Labeled Morgan’s most personal room within the library, the study is where most of the transactions and meetings, both personal and business, took place. Intimately, this room personified Morgan’s vision of beauty and color in various forms. Being perhaps the most salient detail of the room, the antique wooden ceiling was purchased in Italy and was taken apart to be reassembled to fit the study. In the ceiling’s detail, you can note coat of arms copied off renaissance volumes in Morgan’s collection.
The room’s stained-glass panel windows were from memorial windows in former churches and monasteries in Switzerland; walls adorned in red damask; a mantelpiece by Desiderio da Settignano; early Paduan or Venetian fire-dogs for the fireplace; Candelabra holding angels, kneeling, made of polychromed wood; custom furniture by Cowtan & Sons of London. Very little in this study was not in his personal collection. As beautiful as it was concise, the study gave us a true view into Morgan’s obsession with collections and the beauty he saw.
The last room in the original building belonged to the librarian, and housed few, but still noteworthy works of artistic brilliance. Bronze sculptures by Antoine-Louis Barye, Gutzon Borglum, and Giovanni F. Rustici and a copies and paintings of well known works from Bagnaia and Palazzo Ducale of Venice.
In 1928, Morgan’s brownstone, which stood adjacent to his gem, was demolished, and in it’s place, The Annex was erected. The Annex contained an exhibition room and a reading room, to express the duality of showing its collection, but also allowing its guests to learn from it. It connected to the main building by a connecting gallery called “the cloister”. Lead by Architect Benjamin Wistar Morris, the project called for layouts and materials that were similar to the original building so that the greatest sense of unison was achieved. This in essence lead to having H. Siddons Mowbray commissioned again for the ceiling paintings in the Annex.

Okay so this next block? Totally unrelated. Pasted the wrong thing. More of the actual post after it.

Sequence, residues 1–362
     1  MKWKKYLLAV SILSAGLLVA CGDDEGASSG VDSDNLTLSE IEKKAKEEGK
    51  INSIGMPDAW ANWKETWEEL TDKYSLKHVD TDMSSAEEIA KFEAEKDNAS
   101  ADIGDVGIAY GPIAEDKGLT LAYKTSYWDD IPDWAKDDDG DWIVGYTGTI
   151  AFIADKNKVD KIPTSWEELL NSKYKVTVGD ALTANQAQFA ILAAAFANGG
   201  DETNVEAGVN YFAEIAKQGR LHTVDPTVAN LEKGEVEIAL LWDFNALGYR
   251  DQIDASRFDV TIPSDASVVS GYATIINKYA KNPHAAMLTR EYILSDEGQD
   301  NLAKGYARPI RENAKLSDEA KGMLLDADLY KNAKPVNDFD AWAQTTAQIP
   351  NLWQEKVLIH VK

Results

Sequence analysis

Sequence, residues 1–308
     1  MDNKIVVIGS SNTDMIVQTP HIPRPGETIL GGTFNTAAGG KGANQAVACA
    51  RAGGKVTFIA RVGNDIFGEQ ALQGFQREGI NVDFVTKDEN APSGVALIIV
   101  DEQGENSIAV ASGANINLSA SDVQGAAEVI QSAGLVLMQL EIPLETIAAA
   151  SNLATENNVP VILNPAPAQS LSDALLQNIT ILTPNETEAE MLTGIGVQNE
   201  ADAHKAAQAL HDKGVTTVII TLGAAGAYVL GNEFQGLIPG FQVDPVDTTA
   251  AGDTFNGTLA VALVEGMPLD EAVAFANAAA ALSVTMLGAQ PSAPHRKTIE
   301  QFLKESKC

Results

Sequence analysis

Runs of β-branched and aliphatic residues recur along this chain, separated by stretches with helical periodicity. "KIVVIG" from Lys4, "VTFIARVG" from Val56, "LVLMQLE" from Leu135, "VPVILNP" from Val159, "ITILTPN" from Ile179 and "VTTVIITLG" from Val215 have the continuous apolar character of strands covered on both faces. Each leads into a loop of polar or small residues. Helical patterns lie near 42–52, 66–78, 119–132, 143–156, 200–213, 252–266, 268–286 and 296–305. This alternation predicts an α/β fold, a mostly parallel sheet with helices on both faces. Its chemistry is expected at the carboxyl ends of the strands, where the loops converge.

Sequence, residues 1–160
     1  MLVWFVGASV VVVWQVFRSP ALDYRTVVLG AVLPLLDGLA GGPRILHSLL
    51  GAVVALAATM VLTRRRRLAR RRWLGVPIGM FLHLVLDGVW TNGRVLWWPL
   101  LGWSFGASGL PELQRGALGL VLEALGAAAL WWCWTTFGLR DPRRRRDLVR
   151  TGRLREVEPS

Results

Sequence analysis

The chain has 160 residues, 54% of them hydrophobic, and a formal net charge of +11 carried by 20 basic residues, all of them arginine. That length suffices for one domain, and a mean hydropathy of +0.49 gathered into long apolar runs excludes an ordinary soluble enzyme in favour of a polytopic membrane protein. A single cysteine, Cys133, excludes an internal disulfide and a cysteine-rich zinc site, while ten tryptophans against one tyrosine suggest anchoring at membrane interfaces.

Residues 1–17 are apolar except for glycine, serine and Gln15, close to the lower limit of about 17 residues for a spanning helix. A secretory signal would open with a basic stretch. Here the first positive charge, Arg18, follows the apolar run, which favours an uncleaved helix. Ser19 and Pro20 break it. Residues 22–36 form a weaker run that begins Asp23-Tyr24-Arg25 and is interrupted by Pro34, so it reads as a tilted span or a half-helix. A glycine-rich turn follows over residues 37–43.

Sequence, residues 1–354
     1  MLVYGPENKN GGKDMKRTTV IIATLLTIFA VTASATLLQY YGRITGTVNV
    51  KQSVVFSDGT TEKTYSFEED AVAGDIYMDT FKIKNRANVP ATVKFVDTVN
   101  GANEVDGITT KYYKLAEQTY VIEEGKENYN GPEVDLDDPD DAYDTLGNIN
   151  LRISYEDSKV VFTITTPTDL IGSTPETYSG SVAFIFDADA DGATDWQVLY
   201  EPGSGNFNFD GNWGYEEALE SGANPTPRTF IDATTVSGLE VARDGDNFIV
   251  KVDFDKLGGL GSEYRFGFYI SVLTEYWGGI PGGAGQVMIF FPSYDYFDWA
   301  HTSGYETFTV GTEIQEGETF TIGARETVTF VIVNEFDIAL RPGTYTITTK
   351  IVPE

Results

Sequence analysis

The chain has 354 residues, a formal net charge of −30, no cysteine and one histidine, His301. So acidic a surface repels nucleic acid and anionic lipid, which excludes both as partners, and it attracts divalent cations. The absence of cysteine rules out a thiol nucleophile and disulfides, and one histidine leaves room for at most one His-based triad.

The inclusion of the Annex doubled the size of the complex, and also switched the main entrance to the Library and Museum from the great doors on 33 East Street, to 29 East 36th street. Over time, from 1959 to 1962, the Annex was altered to allow room for a print room and additional curatorial offices by lowering its ceiling. Additionally, meeting rooms for concerts and lectures were constructed atop the Cloister Gallery that connected the two structures. In 1988, the Morgan acquired the Morgan House, originally purchased by Pierpont for his son, Jack, which included forty-five bedrooms and twelve bathrooms. In 1991, the Garden Court, a glassed encased conservatory, was constructed to connect the Morgan House with the Annex.
In 1999, a new Drawing Study Center was built on the 2nd floor of the Annex to serve scholars, collectors and other connoisseurs. The Drawing Center helped accommodate the ever growing Morgan Collection. The Thaw Center, introduced to the public in 2002 is a world class laboratory for the conservation of works on paper and parchment. It occupied the entire fourth floor of the Morgan House.
The 21st century gave notice to the increase of activity to the museum and lead to encouraging the Morgan’s board of Trustees to build the latest addition to the Library and Museum. Called “The Renzo Piano Expansion and Renovation”, it added close to 75,000 square feet and connected the newest addition - the Morgan House - to the original Morgan Library erected in 1906. The renovation also added four new galleries which allowed the community to participate in programs exclusively for the permanent collection; a state of the art storage facility; a reading room; an educational center with serves as a multipurpose room that houses classes, small lectures, and other educational events; two dining facilities, and lastly a shop.
Since it’s inception, the Morgan Library has more than doubled in its size both structurally and with it's collection. Valued at over 900 million dollars, the collection is almost as costly as the buildings and their renovations all together. But writing about the collective beauty does little justice for it. If you ever find yourself some free time, shoot on over the the Morgan Library & Museum, trust me, you won't regret it.